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CAB rejects Qatar Airways bid for additional flights

Hits ME airlines’ abuse of ‘sixth freedom’ scheme
By: - Reporter / @daxinq
/ 12:18 AM April 28, 2014

Philippine aviation regulators have rejected an application by Qatar Airways for additional flight entitlements between Doha and Manila, saying the current bilateral market does not yet warrant the opening of new frequencies between both cities.

More importantly, the Civil Aeronautics Board (CAB) showed displeasure at what it believed was the abuse of wealthy Middle Eastern airlines of “sixth freedom” rights under international aviation conventions.

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Under this scheme, Middle Eastern carriers like Qatar Airways sidestep prohibitions against directly flying passengers between two foreign cities by making short connecting stops through their home hub airports. Thus, a carrier like Qatar Airways can claim before Philippine regulators that a Paris-Doha-Manila flight, for example, is actually only a Doha-Manila flight even if the vast majority of passengers who land in Manila are from other cities not covered by air agreements with the Philippines.

“The current operations of Qatar Airways between the Philippines and Qatar is actually way above the demand for air travel between the two countries,” CAB executive director Carmelo Arcilla said in a letter to Transportation Secretary Joseph Emilio Abaya. “The reason for this  is because Qatar, as with other Gulf carriers, is a sixth freedom hub airline that relies on the carriage of traffic  between city pairs outside of its territory, in the absence of a significant home market.”

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The CAB chief pointed out that, in terms of actual operations, Qatar Airways alone operated more or less 600,000 seats a year to the Philippines even if only 70,000 passengers actually travel between Doha and Manila.

“Another 300,000 passengers, more or less, are carried  by Qatar Airways to and from the Philippines to third countries as sixth freedom traffic, that is, roughly 80 percent of its traffic are bound or originating from third countries (from Europe, Saudi Arabia, US, among others),” Arcilla said.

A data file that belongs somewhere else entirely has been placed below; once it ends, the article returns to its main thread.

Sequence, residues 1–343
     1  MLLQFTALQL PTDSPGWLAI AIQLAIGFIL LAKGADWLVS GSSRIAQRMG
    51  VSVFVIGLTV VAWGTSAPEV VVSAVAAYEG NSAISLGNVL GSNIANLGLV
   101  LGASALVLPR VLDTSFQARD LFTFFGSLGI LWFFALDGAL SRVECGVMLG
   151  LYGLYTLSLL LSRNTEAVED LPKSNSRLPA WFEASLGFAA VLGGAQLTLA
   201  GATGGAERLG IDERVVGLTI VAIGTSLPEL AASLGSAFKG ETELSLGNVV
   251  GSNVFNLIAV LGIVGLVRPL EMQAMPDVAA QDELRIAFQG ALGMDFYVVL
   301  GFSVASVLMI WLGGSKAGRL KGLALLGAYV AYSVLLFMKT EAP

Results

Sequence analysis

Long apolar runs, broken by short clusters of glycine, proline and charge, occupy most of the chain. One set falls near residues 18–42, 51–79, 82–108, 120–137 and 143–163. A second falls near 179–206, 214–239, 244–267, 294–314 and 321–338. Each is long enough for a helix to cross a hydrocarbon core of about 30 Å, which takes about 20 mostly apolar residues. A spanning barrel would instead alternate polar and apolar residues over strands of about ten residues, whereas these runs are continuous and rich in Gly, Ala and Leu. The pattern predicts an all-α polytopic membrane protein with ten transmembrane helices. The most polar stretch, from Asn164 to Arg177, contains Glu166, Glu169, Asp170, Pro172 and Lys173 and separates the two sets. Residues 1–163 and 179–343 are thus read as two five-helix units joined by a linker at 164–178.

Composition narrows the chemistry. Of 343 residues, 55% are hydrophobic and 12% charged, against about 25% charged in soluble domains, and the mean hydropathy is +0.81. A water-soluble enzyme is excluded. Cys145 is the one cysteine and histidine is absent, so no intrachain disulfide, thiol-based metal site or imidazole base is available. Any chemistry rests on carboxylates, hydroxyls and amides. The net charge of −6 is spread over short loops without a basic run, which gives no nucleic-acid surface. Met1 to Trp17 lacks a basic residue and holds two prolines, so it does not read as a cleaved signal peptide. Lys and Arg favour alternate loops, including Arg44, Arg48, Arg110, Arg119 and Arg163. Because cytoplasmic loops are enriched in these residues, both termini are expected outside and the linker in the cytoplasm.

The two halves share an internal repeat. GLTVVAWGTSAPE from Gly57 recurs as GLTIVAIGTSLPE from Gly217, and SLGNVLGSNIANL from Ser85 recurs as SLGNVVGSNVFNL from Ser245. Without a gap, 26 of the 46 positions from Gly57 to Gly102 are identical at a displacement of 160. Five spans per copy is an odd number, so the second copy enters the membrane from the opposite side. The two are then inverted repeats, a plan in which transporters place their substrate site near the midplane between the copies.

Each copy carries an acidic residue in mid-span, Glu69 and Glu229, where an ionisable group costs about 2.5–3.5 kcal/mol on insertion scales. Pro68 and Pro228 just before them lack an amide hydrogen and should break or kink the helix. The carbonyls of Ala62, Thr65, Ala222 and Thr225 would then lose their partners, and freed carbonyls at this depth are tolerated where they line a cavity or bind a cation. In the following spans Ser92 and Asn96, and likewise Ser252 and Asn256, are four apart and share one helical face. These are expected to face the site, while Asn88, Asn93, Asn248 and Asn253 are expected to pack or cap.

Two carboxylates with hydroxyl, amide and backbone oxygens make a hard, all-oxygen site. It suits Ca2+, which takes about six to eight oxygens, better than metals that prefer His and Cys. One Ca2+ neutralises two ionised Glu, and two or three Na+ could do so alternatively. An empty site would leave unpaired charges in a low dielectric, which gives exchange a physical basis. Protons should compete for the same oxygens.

The CAB chief pointed out that the primary goal of the Philippines’ aviation policy was to promote and develop a vibrant and effective aviation network that efficiently and adequately connected the Philippines to the major trade and tourism markets of the world.

Traffic entitlements between Qatar and the Philippines are set at a maximum of eight flights a week for each side, or a total of 16 between Manila and Doha; 14 flights for each side between Doha and Clark, and 14 flights for each side between Doha and Cebu.

At present, Qatar Airways operates eight flights a week to Manila and seven flights a week to Clark.

The CAB chief pointed out that there was also now a growing backlash from Canada, Germany, France and other Western countries against the growth strategy of the hub carriers from the Middle East. Germany and Canada have since publicly announced their refusal to allow capacity increases to these carriers.

Based on Qatar Airways’ request for additional entitlements, the CAB-led Philippine air panel convened and met thrice before arriving at a consensus that new flights were not warranted at this time.

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“[We] deliberated on the proposal of Qatar for additional frequencies. However, the consensus among the members of the air panel is that the current bilateral market does not justify an expansion of traffic rights at this time,” Arcilla said. “A new round of talks with Qatar will be considered at the proper time.”

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